COMMENT OF THE DAY: WHAT ENDING FEDERAL FLOOD INSURANCE SUBSIDIES COULD DO FOR GALVESTON “Biggert-Watters would have destroyed the home market in many of Galveston’s West End beach communities. My wife and I were looking at homes just as the revised rate plan went into effect in late 2013. The quote I received for JUST FLOOD INSURANCE on a $250K house was $40,000 per year. As long as the government allows federally backed mortgages in these areas, they will have to subsidize the insurance rates. It really is that simple. If the rates aren’t subsidized, the market will collapse for these homes. It will be a vicious circle. Those that need a mortgage to afford a home won’t be able to afford insurance. Those who own a home with a mortgage won’t be able to afford insurance. Homes will only be marketable to cash buyers who can self-insure. How much would you pay for a home that you could only market via an owner-financed or cash transaction? A property that would essentially be unmarketable to buyers via traditional mortgage.” [Mike Honcho, commenting on Comment of the Day: Why You Can Get Flood Insurance in Houston] Illustration: Lulu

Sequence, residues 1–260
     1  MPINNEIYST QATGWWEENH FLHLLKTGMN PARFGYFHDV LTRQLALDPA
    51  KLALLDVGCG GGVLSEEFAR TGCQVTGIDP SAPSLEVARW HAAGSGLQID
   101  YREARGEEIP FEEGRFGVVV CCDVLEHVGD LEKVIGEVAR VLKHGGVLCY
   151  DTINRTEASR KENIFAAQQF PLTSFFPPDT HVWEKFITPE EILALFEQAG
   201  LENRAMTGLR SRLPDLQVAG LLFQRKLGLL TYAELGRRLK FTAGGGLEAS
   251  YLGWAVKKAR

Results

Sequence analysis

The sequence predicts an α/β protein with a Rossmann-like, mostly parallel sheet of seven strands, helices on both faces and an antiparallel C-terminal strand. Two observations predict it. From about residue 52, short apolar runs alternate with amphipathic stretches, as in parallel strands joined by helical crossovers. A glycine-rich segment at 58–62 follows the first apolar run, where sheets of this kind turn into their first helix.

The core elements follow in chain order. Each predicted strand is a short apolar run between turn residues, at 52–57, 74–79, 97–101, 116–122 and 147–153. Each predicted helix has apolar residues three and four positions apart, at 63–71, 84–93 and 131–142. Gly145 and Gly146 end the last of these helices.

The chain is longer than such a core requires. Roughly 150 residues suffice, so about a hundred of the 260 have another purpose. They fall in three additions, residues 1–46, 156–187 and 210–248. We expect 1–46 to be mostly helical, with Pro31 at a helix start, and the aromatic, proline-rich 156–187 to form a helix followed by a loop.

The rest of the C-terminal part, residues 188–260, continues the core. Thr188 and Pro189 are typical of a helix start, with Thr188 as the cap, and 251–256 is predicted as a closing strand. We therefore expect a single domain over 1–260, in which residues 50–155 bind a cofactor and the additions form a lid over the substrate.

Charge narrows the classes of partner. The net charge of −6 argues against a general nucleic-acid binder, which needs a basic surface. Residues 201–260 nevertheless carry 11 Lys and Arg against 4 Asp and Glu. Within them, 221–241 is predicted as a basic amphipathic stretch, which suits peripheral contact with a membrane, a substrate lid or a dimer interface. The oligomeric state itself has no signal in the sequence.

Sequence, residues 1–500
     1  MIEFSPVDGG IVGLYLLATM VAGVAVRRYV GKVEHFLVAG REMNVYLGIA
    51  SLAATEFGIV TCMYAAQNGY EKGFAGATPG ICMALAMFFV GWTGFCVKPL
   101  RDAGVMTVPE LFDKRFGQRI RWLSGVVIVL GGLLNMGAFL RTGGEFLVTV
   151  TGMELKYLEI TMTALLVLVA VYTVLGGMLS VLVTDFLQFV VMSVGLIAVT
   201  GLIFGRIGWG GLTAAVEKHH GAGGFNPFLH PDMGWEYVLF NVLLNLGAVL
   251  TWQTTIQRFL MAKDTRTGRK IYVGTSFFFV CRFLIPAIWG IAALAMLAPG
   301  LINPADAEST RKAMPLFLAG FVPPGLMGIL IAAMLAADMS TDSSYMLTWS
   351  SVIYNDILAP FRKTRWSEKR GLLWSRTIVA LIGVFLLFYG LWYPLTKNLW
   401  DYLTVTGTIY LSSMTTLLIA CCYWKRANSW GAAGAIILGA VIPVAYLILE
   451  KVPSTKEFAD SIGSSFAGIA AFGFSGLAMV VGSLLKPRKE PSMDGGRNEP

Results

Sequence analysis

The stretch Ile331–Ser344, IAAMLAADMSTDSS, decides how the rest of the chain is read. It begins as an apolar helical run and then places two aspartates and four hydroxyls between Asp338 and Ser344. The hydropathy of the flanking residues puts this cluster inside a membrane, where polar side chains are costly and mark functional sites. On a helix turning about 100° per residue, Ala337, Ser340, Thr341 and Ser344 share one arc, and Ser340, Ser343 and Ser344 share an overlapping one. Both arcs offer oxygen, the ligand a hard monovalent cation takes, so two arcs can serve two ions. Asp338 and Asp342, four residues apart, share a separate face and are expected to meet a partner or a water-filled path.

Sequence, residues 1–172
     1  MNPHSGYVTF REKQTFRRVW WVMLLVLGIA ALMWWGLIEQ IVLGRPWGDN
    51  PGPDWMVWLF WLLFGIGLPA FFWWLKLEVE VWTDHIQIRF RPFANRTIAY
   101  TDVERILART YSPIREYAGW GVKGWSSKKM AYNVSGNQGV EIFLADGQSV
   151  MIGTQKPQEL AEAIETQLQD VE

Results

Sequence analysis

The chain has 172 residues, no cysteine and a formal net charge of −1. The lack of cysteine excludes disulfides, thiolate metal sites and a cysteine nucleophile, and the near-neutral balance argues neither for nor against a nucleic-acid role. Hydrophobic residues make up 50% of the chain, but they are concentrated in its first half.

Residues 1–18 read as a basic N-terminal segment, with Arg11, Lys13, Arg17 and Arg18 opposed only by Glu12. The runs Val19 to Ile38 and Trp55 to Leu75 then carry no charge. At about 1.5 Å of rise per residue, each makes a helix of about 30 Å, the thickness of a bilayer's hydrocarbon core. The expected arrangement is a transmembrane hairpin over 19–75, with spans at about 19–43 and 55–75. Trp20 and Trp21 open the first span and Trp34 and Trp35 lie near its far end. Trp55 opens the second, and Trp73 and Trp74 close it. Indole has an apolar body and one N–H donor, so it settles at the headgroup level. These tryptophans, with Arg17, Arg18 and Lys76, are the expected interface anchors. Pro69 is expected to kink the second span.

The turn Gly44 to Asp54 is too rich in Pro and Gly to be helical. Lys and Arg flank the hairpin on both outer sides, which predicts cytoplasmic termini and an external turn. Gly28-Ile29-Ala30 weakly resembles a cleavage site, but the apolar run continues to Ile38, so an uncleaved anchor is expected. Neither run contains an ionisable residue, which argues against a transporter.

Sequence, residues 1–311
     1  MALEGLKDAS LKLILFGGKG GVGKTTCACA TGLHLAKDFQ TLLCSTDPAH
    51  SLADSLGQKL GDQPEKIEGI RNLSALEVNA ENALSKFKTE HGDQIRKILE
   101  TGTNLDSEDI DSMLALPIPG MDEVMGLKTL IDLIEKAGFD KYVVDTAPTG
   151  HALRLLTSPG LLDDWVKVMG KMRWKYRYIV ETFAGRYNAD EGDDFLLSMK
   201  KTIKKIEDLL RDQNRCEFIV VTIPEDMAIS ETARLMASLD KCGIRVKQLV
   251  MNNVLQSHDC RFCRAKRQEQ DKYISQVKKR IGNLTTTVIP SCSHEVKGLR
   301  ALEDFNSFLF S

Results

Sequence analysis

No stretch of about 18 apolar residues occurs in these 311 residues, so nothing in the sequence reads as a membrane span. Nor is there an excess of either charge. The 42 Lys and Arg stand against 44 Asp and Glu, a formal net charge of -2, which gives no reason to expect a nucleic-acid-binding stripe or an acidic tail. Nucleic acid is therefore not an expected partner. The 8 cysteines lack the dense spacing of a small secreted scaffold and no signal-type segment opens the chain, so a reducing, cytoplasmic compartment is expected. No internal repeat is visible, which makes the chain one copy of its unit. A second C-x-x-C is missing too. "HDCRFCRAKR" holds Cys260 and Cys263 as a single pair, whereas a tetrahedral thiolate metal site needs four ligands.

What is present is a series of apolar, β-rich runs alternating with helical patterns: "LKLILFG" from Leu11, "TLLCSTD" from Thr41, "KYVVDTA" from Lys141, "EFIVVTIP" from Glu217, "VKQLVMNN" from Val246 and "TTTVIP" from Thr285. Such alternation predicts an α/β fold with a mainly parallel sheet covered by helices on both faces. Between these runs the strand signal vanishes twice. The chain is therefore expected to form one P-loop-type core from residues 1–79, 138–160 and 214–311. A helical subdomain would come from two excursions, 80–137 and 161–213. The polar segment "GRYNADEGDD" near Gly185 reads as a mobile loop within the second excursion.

A developer out of California plans to begin building a 100-acre beachfront community along the Bluewater Highway on Follet’s Island, southwest of Galveston Island, next month. Developed by Salt Water Resorts, the so-called Seahorse Beach Club and Residences will sit across Christmas Bay from the Brazoria National Wildlife Refuge. A rendering of the 9,000-sq.-ft. eponymous beach club, above, shows a few of the planned amenities: pools, fitness center, spa, a bar, and 2 restaurants.